rise to a new, subjective approach to free speech and privacy rights that
alters their meaning.

The current interest in granting new privacy rights relies, not on the
assumption that people need protection from interference into their private
lives by the state, but that people need a state law to protect them from
public discussion of their private lives. It is not that public discussion
of private matters is viewed as a problem per se - it is seen as a problem
if the subject of this discussion feels hurt or offended.

The question of what free speech, privacy, and rights should mean today is

This trend has important implications for free speech. The arguments for new
privacy rights rest on the notion that free expression and privacy rights
need to be 'balanced' against each other. This effectively means that there
is no such thing as a right to free speech - or, indeed, a right to privacy.
The right to privacy has been redefined as a state protection from hurtful
public discussion; and the right to free speech has become qualified by
restricting speech that may cause offence. The decision about what can and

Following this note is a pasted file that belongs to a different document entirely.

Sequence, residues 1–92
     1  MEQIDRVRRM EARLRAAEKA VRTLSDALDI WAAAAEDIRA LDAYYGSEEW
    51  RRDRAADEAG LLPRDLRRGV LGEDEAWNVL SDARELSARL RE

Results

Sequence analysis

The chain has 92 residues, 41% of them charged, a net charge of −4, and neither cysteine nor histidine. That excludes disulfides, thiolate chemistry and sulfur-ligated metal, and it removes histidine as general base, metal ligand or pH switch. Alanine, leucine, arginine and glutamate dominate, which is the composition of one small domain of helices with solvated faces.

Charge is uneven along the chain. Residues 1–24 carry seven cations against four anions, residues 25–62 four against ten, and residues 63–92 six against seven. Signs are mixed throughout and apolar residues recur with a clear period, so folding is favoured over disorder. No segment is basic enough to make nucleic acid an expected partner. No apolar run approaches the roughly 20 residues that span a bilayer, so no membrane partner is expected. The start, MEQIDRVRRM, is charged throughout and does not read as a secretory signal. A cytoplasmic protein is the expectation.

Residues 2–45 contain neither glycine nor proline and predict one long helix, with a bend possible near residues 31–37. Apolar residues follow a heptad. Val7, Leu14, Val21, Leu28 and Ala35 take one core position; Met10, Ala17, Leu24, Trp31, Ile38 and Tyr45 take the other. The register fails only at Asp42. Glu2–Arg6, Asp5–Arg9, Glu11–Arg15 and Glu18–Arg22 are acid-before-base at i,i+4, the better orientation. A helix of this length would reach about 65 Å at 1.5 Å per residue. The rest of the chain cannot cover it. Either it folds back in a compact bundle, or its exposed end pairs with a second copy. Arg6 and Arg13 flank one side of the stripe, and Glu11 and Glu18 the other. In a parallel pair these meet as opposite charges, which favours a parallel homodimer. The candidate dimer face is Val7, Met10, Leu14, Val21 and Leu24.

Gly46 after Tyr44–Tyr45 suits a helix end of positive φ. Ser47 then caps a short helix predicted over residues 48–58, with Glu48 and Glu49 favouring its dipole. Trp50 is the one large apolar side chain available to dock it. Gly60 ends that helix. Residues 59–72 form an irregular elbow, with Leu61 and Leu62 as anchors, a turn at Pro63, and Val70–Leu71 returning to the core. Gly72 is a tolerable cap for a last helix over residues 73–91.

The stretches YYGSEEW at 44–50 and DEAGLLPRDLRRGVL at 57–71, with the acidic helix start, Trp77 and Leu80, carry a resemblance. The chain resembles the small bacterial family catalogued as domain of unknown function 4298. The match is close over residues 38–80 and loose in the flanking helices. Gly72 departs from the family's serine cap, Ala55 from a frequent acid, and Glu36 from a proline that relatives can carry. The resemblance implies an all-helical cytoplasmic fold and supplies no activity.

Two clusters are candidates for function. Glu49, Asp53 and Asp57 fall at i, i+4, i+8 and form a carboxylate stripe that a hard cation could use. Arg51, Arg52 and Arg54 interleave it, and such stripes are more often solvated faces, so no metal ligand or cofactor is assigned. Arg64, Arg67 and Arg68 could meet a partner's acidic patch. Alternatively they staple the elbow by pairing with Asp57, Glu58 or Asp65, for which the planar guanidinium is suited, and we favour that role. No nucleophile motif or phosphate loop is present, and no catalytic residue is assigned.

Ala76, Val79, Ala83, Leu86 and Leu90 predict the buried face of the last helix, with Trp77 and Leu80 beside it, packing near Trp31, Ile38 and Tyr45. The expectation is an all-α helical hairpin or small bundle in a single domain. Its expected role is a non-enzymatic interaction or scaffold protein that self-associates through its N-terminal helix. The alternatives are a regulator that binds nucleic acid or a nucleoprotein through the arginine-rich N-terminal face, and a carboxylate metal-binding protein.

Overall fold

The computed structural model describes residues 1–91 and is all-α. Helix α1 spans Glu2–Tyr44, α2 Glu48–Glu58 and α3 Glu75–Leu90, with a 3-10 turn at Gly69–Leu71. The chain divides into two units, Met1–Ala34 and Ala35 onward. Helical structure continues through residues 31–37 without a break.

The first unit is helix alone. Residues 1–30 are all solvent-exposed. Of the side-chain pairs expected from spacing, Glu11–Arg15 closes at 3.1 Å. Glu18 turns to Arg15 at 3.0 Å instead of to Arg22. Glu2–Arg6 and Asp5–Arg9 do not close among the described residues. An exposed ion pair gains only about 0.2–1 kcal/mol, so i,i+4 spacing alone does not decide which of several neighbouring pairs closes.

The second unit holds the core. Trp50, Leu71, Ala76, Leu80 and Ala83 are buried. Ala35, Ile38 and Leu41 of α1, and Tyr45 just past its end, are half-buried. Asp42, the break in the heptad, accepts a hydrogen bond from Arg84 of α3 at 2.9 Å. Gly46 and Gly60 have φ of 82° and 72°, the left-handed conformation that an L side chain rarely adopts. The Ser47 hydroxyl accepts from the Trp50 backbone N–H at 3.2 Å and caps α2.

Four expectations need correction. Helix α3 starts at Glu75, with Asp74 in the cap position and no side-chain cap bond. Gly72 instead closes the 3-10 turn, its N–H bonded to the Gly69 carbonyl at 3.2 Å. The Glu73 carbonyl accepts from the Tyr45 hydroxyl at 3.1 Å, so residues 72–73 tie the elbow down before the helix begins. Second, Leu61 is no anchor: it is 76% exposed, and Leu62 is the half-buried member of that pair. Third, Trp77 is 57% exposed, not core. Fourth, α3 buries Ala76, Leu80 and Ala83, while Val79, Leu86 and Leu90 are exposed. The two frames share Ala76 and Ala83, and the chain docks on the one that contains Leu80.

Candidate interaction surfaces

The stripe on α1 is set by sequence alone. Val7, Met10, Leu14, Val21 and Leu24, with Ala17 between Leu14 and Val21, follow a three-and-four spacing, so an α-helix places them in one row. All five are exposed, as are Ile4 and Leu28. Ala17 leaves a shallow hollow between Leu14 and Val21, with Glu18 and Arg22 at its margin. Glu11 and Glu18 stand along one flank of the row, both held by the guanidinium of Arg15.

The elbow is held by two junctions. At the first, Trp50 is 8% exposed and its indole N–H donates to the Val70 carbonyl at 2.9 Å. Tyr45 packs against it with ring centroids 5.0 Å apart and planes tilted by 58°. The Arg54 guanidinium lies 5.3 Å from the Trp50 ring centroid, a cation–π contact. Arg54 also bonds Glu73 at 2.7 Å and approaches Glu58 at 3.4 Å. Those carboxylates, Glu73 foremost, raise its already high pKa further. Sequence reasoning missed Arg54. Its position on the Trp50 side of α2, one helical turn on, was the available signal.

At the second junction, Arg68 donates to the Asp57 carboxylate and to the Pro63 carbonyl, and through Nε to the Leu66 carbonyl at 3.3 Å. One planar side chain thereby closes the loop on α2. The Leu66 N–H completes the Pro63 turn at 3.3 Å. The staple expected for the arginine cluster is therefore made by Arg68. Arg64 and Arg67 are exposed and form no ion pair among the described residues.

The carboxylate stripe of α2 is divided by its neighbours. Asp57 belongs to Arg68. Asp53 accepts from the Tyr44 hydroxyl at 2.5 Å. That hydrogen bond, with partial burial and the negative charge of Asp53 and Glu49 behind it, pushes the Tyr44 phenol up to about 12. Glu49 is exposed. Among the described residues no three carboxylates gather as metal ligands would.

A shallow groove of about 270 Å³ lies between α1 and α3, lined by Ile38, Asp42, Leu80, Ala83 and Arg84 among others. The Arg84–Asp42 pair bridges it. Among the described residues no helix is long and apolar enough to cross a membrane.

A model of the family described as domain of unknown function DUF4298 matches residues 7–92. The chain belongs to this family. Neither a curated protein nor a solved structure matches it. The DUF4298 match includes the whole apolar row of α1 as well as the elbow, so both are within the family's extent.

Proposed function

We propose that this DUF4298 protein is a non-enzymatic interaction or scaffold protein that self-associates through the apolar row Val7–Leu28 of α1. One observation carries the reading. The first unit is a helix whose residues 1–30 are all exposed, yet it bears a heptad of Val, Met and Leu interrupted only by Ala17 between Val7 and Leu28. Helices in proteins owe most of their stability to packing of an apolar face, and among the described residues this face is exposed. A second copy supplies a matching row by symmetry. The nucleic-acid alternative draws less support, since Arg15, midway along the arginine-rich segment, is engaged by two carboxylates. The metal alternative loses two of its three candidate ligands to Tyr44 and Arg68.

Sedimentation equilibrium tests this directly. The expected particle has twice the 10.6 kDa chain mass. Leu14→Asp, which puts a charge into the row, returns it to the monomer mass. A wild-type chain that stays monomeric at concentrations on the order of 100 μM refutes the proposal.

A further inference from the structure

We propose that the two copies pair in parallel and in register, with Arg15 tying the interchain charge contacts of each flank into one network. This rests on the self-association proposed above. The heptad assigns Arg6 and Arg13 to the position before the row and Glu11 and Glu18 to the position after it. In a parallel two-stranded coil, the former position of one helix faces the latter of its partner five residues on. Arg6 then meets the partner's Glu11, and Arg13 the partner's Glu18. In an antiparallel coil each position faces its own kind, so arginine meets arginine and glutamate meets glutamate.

cannot be said in the public realm about people's private lives is an
arbitrary one, taken by a judge.

These two apparently conflicting rights are codified in the Human Rights Act
(1998), in the form of Article 10 on a right to free expression and Article
8 on a right to privacy. This Act, which came fully into force in October
2000, has meant that, in practice, judges are deciding what they think
counts as allowable speech, and expanding what privacy means. Armed with new
powers, and supported by politicians, media regulators and others who argue
that people need privacy protection from words and images, judges are
eroding a vital democratic freedom.

While this development is disturbing, it is far from straightforward. What
free speech, privacy, and rights should mean in today's society remains a
contentious issue. This is reflected in the attempts to create practical
resolutions to the apparently competing interests of privacy and free